*Note – because human timing in training is relatively slow in comparison to our dogs when using P+ one has to aim for “AS” in terms of the timing of the punisher so that one actually gets even closer to the event to be punished. With R+ we have a little more wriggle room in terms of timing – maybe a quarter of a second, but that’s a lot in training terms.
Positive Punishment breaks our bond with our dog and our dog’s trust in us. It teaches them that learning is at the very least no fun and at the worst painful. It does not build confidence – it breaks it. It all too often leads to more aggression from our dogs. Neurological studies have shown that punishment acts quickly to suppress a behavior because of the survival instinct of avoiding pain and threats; but it comes with baggage in the nature of fears, re-directed and learned aggression, and shut down behaviors based in chronic stressors that can lead to a host of physical illnesses. In summary positive punishment not only carries a host of fallout, it has make you ask the following, “Did I get this dog so I could cause him or her pain and fear?”
When using Positive Reinforcement you must know what your dog likes and doesn’t like.
When using Positive Reinforcement you must know what your dog likes and doesn’t like. If you have a dog who is head-shy then patting them on the head when they do something you like is a PUNISHMENT not a reinforcer. If you have a dog with gastric issues then food rewards may not be a fun thing for your dog. You have to know what your dog loves (remember: makes your dog vibrate with joy) in order to offer him/her that for a reward.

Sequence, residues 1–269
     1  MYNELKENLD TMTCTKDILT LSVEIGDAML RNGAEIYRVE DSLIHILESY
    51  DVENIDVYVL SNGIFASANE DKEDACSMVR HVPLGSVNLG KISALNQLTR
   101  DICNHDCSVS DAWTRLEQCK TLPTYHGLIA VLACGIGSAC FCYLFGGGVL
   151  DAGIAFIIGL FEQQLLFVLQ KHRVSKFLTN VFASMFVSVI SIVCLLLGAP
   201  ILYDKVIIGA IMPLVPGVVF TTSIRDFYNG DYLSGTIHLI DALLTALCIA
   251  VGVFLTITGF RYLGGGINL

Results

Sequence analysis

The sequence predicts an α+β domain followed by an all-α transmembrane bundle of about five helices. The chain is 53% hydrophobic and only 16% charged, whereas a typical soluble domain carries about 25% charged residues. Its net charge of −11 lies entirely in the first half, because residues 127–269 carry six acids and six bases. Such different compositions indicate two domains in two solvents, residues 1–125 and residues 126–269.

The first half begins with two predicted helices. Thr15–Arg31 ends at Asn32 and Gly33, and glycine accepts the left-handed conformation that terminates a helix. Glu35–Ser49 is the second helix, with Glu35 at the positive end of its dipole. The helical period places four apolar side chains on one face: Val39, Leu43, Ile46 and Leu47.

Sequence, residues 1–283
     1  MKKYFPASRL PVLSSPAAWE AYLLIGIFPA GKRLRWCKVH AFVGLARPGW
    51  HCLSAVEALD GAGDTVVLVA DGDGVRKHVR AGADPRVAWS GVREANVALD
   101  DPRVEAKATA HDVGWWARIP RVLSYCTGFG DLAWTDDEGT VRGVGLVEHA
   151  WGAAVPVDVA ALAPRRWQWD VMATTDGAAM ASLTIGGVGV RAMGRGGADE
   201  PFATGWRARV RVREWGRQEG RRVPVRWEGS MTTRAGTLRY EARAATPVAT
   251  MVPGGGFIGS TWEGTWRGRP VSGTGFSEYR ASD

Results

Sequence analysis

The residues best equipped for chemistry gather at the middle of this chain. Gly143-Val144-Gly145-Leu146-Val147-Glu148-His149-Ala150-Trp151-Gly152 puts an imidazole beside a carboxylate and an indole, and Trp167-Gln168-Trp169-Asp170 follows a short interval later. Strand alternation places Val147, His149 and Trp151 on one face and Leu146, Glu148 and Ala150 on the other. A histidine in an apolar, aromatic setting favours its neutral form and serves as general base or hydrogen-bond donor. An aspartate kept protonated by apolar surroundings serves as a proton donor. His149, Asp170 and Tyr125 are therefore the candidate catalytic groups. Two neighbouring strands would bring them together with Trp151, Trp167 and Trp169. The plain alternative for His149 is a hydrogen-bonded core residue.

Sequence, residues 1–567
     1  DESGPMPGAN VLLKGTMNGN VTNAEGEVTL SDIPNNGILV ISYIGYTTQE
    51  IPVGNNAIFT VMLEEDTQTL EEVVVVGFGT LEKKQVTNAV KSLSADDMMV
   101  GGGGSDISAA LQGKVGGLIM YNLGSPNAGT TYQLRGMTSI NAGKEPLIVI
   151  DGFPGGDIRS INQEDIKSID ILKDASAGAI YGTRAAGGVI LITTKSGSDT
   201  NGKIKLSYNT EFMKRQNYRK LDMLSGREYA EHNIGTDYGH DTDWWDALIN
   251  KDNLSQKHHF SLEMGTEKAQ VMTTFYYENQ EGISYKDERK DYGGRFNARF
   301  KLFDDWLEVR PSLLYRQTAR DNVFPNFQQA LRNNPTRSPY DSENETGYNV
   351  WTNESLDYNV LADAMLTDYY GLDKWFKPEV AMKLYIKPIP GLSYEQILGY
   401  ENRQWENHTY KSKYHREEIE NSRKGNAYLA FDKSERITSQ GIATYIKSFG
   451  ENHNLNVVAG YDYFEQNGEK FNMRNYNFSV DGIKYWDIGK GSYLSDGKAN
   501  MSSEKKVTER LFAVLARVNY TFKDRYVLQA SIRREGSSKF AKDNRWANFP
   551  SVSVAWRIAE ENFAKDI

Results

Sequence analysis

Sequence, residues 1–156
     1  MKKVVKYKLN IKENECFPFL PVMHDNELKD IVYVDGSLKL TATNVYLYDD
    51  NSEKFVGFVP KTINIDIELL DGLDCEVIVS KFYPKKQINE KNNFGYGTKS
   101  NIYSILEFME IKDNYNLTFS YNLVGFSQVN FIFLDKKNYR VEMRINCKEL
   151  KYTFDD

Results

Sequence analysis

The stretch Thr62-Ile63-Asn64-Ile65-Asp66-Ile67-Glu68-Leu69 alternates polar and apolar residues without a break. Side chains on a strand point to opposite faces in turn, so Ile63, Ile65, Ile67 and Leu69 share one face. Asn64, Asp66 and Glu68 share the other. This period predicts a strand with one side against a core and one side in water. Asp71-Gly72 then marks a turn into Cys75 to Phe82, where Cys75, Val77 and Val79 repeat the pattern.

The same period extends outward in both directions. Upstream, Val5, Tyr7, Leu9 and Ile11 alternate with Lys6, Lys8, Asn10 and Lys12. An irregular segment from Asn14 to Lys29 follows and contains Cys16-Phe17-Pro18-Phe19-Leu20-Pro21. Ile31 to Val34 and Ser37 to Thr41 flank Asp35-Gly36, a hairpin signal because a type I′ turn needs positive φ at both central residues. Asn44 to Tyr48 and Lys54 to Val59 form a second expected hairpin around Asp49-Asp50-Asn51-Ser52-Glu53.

The biggest trick to Positive Punishment is TIMING and being ready to break your bond with your dog while you actually discourage your dog from wanting to learn. Using Positive Punishment could shut your dog down leaving them living their lives like a hostage never knowing when the next scary thing will happen to them. Or you could make you dog more aggressive – studies have shown that one of the biggest contributing factors to aggression in dogs (and people, too) is using harsh (aggressive) correction on them. You might be told or be thinking that your dog is not feeling the pain from the shock collar because they are not responding, but in fact your dog is not responding because he/she is actually overwhelmed with stress and cannot comply. All you will be doing is making their stress bigger.
Transport yourself back in time to when you were in school and answer this question: Would you learn better if someone smacked you in the head every time you misspelled a word or made a math mistake or would you learn better if someone showed you where you made your mistake and then rewarded you each time you overcame each one?
There is nothing that can be taught by positive punishment that cannot be taught by positive reinforcement. In fact, there is more that can be taught by positive reinforcement. The choice of how you wish to treat the animal in your care is up to you.
Boo prefers PR!